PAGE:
Remember how Harley-Davidson bought a company that made a Citroën-powered, front-wheel-drive hang glider that had Renault and Honda parts thrown in? Not? Obviously you’re out of touch with your TriHawk history… depending on your point of view, either a very odd sidebar for Milwaukee pride or a promising precursor to now popular reverse trikes like the Can-Am motorcycle trike. Spyder or more like a Polaris Slingshot car.
In short, the TriHawk was never meant to be mass-produced, but it followed the trend of the economical 1980s—when emissions regulations stifled the enjoyment of sports cars, remember—to cut down to bring the vehicle down to its basic shape. Lose a rear wheel, lose a permanent top, cut out pretty much everything you can and put in a car engine – in this case a modest four-cylinder Citroën engine like the one in the GS – and you get something easy and fun. It’s a formula you see over and over again, especially when cost or external factors (like gas prices or emissions standards) make an engine replacement desirable.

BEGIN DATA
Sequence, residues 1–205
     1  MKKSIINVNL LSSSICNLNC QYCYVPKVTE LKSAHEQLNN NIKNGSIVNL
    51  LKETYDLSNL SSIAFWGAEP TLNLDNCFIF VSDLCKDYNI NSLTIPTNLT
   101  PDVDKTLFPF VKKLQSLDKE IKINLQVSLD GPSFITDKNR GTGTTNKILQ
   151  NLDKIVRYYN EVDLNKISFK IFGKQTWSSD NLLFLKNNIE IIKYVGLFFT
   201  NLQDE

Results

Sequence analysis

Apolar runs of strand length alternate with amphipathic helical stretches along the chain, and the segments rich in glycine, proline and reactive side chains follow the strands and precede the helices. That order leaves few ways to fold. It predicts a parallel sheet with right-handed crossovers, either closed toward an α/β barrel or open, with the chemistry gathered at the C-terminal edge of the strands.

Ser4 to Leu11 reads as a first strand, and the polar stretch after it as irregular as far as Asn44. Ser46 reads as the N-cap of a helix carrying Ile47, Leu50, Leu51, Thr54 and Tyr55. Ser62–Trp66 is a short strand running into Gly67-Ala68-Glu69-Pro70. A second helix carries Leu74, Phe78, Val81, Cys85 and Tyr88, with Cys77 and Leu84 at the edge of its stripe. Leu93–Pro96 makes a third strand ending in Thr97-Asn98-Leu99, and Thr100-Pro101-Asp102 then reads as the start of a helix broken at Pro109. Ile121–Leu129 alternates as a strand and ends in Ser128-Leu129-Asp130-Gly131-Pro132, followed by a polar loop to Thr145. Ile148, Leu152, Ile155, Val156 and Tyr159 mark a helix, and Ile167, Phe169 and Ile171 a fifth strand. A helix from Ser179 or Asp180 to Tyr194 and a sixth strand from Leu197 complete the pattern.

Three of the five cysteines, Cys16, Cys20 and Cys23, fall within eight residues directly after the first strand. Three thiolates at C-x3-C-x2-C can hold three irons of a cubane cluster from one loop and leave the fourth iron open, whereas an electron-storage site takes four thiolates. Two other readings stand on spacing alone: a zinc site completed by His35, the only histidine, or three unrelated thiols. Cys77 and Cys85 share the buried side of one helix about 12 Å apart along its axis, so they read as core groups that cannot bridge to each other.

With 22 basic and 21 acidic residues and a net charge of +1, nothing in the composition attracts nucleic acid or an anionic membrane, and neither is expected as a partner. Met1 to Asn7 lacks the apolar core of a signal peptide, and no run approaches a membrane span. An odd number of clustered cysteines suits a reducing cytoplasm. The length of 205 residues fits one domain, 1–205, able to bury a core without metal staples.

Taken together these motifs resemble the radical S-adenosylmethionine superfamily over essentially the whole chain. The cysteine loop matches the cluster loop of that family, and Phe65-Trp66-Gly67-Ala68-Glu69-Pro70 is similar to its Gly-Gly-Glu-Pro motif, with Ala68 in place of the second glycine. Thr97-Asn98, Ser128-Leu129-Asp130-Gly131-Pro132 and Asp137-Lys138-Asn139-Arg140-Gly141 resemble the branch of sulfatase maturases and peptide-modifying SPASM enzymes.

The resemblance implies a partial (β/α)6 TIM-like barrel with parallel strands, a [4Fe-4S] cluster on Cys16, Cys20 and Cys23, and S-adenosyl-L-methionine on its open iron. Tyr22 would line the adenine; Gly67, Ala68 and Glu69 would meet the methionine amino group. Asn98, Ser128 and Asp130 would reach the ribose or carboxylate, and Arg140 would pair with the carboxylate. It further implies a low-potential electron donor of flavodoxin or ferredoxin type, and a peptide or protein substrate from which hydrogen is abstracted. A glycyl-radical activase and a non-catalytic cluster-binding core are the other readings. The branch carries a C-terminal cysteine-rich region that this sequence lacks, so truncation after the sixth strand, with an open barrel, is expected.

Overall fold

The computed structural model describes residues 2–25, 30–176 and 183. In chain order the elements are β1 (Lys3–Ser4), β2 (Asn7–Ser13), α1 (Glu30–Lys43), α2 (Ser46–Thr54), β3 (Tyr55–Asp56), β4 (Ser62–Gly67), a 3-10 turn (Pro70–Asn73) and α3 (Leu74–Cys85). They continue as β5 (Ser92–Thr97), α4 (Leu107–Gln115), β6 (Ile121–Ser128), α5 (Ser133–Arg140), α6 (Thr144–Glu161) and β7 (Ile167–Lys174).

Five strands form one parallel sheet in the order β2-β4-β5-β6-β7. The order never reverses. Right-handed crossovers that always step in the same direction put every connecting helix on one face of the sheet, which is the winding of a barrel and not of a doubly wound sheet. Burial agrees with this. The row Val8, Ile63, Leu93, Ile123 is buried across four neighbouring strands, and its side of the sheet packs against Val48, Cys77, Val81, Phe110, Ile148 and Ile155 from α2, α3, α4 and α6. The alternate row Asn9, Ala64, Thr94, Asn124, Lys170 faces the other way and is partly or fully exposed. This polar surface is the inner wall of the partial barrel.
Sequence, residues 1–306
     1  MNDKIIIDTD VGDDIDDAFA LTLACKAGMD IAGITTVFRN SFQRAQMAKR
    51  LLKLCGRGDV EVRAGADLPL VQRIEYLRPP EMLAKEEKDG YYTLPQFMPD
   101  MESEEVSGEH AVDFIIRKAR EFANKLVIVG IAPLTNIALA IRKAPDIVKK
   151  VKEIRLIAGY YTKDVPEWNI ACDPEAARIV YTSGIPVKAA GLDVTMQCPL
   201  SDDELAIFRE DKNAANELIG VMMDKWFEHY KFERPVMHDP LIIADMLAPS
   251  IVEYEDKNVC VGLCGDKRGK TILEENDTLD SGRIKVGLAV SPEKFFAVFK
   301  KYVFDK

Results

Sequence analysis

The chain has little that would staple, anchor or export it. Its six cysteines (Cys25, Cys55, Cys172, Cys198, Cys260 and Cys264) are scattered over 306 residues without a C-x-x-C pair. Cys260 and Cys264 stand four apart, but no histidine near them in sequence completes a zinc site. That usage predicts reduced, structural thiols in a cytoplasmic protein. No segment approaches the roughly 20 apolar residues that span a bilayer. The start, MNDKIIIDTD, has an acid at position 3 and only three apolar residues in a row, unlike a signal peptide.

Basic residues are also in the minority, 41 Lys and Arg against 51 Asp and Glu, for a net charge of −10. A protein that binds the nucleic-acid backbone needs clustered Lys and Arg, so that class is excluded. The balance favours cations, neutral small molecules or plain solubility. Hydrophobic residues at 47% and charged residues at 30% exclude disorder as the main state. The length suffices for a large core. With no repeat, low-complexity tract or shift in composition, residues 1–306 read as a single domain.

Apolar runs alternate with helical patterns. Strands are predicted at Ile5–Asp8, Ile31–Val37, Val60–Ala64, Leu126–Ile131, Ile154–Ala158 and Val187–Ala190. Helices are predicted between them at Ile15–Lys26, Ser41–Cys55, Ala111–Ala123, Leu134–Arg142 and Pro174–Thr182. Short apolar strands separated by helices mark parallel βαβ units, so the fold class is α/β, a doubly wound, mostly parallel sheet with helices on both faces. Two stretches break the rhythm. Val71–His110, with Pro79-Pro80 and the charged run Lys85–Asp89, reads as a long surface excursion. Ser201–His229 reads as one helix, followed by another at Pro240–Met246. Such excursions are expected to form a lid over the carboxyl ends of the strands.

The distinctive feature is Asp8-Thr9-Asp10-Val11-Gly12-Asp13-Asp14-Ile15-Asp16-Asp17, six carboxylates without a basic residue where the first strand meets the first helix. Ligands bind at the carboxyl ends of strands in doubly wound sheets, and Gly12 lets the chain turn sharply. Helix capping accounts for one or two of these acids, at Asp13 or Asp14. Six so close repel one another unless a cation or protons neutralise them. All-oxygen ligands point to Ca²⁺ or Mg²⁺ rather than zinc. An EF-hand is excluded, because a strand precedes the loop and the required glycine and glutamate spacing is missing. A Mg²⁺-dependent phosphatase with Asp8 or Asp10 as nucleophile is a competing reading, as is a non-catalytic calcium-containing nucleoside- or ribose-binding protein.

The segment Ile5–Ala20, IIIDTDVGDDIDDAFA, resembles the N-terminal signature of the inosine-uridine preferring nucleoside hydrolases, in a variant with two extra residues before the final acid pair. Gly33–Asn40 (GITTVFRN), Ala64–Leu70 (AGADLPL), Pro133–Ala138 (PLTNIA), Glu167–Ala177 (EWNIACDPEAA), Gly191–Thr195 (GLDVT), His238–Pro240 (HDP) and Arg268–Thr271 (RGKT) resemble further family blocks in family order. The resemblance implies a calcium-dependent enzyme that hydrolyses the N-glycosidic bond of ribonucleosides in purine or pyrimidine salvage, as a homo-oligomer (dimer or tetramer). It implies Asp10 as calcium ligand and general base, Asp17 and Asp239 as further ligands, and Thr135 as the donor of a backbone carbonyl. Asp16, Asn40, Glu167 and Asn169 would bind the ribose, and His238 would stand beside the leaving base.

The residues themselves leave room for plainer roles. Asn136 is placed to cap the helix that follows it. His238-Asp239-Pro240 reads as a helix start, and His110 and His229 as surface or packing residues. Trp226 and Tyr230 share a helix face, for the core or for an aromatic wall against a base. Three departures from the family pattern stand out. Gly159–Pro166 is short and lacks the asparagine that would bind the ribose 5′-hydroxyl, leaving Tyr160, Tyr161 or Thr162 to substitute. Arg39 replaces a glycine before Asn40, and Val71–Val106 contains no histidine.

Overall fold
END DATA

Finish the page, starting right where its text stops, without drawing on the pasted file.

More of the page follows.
The TriHawk only weighs about 1,200 pounds and has a fiberglass body with a fabric roof (which probably looks like a tent and is awkward to raise), real seats that look surprisingly comfortable, and a conventional manual transmission. We assume the driving experience is as bizarre as the wackiest look of the 1980s, but if a bit of onlooker attention is what you crave and a red Ferrari isn’t your cup of tea, you might as well get more. than the TriHawk. It will be sold at the Mecum auction in Las Vegas at the end of January.
Oh, and the Harley-Davidson connection? Apparently, HD bought the rights to manufacture and possibly improve the TriHawk, but then changed their mind and added it. Was Harley afraid that a reversible tricycle would eat into the sales of its conventional motorcycles?
Given the popularity of the current Can-Am Spyder and Polaris Slingshot, and the problems with its own HD sales, perhaps Harley should have explored the TriHawk’s potential further.